Make Your Career Soar

Fifty-nine years ago this month, the USAF/North American YF-100A Super Sabre air-superiority fighter made its maiden flight with North American test pilot George S. Welch at the controls.  During this initial test flight, the Super Sabre exceeded the speed of sound.  The North American F-100 Super Sabre was the successor to the fabled F-86 Sabre fighter.  The Super Sabre holds the distinction of being the first of the 1950’s era Century Series aircraft.  It was also the first USAF production aircraft capable of flying supersonically in level flight.  A total of 2,294 copies of the Super Sabre in 18 variants were produced over an operational lifetime that spanned 25 years.  The air forces of the United States, France, Denmark, Turkey and the Republic of China (Taiwan) flew the aircraft affectionately known as “The Hun” by its pilots.  The YF-100A was the initial version of the F-100.  Two copies were produced.  Ship No. 1 (S/N 52-5754) first flew on Monday, 25 May 1953 at Edwards Air Force Base, California.  The aircraft performed well and hit Mach 1.03 on this first flight.  The Super Sabre entered the USAF active inventory in late 1954 and set a number of speed records early in its operational life.  The type won the Bendix Trophy for flying 2,020 nm at an average speed of 610.726 mph in September of 1955.  The F-100 was also the first USAF combat jet to enter the Vietnam War.  The USAF Thunderbirds flew the Super Sabre from 1956 to 1968.  In spite of these notable achievements and distinctions, the aircraft was plagued by numerous design deficiencies and shortcomings that had to be corrected before the type reached an acceptable level of maturity.  Particularly vexing were roll inertial coupling issues at high speeds and pitch-up tendencies at low speeds.  Indeed, the aircraft had a deserved reputation as a widow-maker starting early in its career.  History records that 889 F-100 airframes were destroyed in mishaps of one kind or another.  That translates to a stunningly-high loss rate of 38.75%.  Soberingly, 324 pilots lost their lives flying The Hun.  Progress in aviation sometimes comes at a very high price.  The F-100 Super Sabre, unique in its day, now a relic of history, is a particularly profound example of this truism.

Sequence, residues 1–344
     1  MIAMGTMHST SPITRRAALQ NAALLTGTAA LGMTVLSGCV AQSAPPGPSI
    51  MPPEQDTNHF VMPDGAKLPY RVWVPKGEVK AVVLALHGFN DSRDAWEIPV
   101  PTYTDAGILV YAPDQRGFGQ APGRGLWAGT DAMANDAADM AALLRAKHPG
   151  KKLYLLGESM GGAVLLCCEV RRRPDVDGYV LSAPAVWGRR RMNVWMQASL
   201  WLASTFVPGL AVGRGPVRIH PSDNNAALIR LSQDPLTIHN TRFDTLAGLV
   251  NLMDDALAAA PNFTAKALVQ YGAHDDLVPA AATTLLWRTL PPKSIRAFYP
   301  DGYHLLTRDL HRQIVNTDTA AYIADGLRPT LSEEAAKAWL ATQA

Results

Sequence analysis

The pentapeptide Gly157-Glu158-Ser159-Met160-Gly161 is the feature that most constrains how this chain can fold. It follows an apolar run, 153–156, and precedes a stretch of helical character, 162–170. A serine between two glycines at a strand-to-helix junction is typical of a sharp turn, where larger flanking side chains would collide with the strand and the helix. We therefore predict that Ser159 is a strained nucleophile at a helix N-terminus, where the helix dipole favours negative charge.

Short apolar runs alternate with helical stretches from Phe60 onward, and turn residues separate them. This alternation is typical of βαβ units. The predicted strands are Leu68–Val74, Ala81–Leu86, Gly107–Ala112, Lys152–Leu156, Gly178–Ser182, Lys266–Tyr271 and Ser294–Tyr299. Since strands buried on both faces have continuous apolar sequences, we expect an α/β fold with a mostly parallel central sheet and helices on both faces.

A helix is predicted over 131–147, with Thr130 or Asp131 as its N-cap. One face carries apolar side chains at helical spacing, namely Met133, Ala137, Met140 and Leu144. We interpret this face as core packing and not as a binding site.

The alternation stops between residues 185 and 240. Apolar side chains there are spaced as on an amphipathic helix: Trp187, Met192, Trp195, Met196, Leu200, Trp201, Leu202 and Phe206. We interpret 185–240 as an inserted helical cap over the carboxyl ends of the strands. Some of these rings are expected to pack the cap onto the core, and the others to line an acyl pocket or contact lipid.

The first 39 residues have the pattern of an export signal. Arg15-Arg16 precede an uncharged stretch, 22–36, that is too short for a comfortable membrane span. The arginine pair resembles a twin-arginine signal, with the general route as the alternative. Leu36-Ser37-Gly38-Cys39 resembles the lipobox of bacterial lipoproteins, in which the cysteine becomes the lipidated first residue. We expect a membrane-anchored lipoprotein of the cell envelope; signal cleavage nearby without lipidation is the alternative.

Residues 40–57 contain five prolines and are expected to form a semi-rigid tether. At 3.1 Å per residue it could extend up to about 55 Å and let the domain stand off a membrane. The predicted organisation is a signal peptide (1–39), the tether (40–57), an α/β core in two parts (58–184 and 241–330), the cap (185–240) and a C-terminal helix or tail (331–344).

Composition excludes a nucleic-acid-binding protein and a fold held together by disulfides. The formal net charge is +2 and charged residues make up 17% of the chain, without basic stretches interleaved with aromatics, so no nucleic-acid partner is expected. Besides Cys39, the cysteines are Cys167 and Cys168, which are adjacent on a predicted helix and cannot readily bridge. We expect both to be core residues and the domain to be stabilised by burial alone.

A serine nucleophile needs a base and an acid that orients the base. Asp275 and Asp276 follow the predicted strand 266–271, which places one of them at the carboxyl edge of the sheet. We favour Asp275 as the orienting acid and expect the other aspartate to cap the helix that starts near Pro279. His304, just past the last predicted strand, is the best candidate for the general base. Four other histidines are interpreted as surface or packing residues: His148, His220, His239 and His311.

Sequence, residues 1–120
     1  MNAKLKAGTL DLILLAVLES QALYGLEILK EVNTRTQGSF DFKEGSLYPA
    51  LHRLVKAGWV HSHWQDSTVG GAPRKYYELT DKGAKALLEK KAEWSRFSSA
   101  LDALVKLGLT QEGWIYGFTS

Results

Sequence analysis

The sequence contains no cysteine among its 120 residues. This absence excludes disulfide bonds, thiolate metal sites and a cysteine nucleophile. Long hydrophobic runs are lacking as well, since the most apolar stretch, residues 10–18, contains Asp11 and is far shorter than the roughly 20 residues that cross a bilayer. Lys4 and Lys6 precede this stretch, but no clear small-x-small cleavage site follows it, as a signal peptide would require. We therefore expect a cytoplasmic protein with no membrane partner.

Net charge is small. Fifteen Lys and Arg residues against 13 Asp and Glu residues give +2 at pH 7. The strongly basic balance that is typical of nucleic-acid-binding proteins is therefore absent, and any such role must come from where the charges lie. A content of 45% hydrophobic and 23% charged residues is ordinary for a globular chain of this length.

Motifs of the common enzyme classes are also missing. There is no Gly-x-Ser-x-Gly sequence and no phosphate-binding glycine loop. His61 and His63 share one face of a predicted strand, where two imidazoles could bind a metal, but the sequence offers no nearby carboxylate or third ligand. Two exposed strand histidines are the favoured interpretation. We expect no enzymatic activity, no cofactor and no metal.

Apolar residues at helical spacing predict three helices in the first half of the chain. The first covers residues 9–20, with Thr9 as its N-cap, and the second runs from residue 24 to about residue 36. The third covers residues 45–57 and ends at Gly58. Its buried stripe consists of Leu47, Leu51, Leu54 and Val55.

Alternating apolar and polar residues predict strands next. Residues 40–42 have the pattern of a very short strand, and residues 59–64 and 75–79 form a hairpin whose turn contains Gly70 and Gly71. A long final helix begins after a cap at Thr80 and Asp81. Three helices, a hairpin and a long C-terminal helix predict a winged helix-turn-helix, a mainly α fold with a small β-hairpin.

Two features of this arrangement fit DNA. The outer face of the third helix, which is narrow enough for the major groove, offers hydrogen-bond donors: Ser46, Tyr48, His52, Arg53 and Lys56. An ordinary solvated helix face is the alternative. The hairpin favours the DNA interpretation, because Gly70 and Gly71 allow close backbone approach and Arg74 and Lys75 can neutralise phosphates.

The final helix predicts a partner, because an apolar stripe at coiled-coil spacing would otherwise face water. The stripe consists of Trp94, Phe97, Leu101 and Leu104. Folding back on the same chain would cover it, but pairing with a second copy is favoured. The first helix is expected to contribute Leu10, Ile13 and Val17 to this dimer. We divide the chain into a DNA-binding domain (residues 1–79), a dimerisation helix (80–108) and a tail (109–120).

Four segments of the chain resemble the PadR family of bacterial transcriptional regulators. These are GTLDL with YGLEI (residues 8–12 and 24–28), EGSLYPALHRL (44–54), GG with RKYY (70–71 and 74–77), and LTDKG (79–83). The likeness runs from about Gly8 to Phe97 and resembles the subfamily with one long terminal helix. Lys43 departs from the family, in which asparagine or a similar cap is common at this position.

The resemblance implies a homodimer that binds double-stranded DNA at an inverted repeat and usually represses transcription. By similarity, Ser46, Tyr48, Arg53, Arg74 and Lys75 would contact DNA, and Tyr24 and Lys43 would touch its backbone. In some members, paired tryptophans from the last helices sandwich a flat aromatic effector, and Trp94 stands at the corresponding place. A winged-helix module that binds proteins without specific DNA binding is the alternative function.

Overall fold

Posted in Aerospace, History

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